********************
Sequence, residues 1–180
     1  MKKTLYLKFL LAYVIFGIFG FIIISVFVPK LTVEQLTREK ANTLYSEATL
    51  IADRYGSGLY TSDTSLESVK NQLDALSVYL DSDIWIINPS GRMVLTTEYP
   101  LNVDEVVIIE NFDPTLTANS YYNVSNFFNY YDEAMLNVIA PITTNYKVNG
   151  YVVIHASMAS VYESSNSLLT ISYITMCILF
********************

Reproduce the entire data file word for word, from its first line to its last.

Sequence, residues 1–180
     1  MKKTLYLKFL LAYVIFGIFG FIIISVFVPK LTVEQLTREK ANTLYSEATL
    51  IADRYGSGLY TSDTSLESVK NQLDALSVYL DSDIWIINPS GRMVLTTEYP
   101  LNVDEVVIIE NFDPTLTANS YYNVSNFFNY YDEAMLNVIA PITTNYKVNG
   151  YVVIHASMAS VYESSNSLLT ISYITMCILF